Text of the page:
I'm working with a data set and I am relatively un-versed in statistics / statistical terminology (my background is computer science) though I'm pretty techie and might know a bit more than some.

I'm working with a data set where I have a number of integer values (ranging from 1-100) and am counting the number of times each value occurs. These values tend to cluster over the total scale and have an average error of about .75 (rounding, basically) so they tend to fall into two consecutive (or sometimes three) buckets rather than a single one.

Here's an example of the data:

6 occurred 159 times in set - 33.9019 percent
5 occurred 133 times in set - 28.3582 percent
25 occurred 72 times in set - 15.3518 percent
24 occurred 69 times in set - 14.7122 percent
78 occurred 13 times in set - 2.77185 percent
76 occurred 13 times in set - 2.77185 percent
95 occurred 5 times in set - 1.0661 percent
97 occurred 4 times in set - 0.852879 percent

For example, in the set above both 5 / 6 are basically the same number (bucket) for my use and are very important due to the fact that they make up approx. 60% of the values. Similarly 24/25 are important with 30% overall. If there were a 23 or 26 it would also mix into that 30% bucket.

Values with less than 2-3% registration are basically noise so while the 76 / 78 are related (and probably useful) they're likely to be read as noise and thrown out which is ok but not ideal.

What I'm interested in is identifying the clusters over the overall range most efficiently and which ones contain the greatest number of samples.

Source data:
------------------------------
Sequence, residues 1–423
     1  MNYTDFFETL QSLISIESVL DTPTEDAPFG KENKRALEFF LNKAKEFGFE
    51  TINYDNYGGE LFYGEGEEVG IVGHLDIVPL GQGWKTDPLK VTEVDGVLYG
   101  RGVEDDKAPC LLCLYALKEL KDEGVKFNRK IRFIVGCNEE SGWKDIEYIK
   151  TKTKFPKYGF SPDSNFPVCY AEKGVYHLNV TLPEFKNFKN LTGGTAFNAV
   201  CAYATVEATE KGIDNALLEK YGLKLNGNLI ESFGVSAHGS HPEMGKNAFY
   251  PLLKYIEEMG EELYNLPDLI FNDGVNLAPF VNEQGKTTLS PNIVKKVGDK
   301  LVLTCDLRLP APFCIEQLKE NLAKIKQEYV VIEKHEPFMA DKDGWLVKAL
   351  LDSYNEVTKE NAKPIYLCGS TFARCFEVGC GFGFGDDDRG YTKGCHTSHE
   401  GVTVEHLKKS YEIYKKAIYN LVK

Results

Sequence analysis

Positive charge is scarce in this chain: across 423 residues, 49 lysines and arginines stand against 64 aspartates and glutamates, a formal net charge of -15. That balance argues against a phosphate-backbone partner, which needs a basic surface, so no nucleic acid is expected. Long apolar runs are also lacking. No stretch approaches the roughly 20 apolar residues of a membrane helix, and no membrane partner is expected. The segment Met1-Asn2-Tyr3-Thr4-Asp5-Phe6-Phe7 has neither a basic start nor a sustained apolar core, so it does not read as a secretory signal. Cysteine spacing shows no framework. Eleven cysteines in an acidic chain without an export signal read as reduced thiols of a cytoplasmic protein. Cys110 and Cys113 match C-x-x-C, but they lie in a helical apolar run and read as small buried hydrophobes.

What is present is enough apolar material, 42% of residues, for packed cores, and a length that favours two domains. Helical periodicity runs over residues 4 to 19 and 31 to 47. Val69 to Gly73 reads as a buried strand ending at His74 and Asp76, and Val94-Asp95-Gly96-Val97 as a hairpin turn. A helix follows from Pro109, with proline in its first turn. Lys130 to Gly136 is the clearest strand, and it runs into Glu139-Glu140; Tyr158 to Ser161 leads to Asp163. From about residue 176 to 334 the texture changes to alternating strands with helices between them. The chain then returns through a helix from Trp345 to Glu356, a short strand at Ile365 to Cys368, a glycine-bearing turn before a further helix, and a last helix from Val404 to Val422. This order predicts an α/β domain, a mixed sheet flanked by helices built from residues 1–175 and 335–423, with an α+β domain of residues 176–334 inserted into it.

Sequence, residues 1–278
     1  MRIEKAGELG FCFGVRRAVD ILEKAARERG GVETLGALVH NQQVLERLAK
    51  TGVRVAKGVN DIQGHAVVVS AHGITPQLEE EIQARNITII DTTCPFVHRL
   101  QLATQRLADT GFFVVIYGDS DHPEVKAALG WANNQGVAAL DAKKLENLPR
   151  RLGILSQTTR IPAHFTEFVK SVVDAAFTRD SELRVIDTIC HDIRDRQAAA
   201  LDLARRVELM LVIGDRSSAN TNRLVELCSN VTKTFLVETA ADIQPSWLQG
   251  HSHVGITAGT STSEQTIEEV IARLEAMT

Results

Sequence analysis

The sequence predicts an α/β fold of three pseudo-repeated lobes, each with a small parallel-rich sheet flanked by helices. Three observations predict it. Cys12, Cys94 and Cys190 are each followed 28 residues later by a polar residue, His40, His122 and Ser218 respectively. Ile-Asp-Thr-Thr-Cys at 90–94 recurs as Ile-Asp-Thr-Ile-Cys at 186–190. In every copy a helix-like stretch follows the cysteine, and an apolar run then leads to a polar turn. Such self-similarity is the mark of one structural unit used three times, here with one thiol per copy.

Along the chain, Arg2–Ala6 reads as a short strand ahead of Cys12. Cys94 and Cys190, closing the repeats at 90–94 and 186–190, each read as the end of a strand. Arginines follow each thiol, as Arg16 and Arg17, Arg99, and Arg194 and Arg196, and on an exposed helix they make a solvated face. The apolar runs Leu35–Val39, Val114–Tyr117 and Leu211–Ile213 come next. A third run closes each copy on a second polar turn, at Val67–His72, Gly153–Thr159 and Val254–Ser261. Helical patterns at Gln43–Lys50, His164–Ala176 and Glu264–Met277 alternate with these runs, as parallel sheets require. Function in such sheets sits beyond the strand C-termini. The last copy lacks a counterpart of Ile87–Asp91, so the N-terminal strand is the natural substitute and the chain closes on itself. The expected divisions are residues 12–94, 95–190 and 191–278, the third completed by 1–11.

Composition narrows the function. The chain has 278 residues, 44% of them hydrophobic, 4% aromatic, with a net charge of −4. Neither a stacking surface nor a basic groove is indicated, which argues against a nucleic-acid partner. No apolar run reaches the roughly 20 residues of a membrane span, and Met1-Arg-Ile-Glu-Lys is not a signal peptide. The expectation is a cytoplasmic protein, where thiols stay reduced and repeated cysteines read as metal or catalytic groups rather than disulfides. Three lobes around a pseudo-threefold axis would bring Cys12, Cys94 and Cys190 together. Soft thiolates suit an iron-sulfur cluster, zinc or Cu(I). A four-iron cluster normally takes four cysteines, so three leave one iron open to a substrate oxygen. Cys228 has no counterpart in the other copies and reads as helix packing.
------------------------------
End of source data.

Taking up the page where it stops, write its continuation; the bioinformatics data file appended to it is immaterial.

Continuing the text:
Right now I'm using a brute force method of sorting by "value" and then adding buckets together which happen to be consecutive but I'm convinced there's probably some statistical method that will serve to "find and identify clusters"

Any leads / recommendations greatly appreciated!


Proof by example doesn't work, nor does statistical analysis method by example. You will have to come up with a precise formalization of what you need. On one-dimensional integer counts that will then likely yield an algorithm already.

I assume you want:

  • Buckets with less than min are not clustered.
  • Adjacent buckets with both at least min count go to the same bucket.

This leas to a trivial algorithm that just iterates over the array once, looking at bucket[i] and bucket[i-1].

  • $\begingroup$ Well, I've already done it all algorithmically... but it's very specific to my data set. It seemed to me that there must be a standardized statistical function/approach for identifying clustering in data? Seems like a signal-processing type problem? Again, I'm not a statistician so am trying to avoid recreating things which have already been done/established. $\endgroup$ – Jc Nolan May 22 '18 at 21:24
  • $\begingroup$ Finding adjacent non-zero integer values in an array is trivial. That is why there is no named algorithm for this. Clustering is multivariate, complex statistics. $\endgroup$ – Anony-Mousse May 23 '18 at 4:33

Your Answer

By clicking “Post Your Answer”, you agree to our terms of service, privacy policy and cookie policy

Not the answer you're looking for? Browse other questions tagged or ask your own question.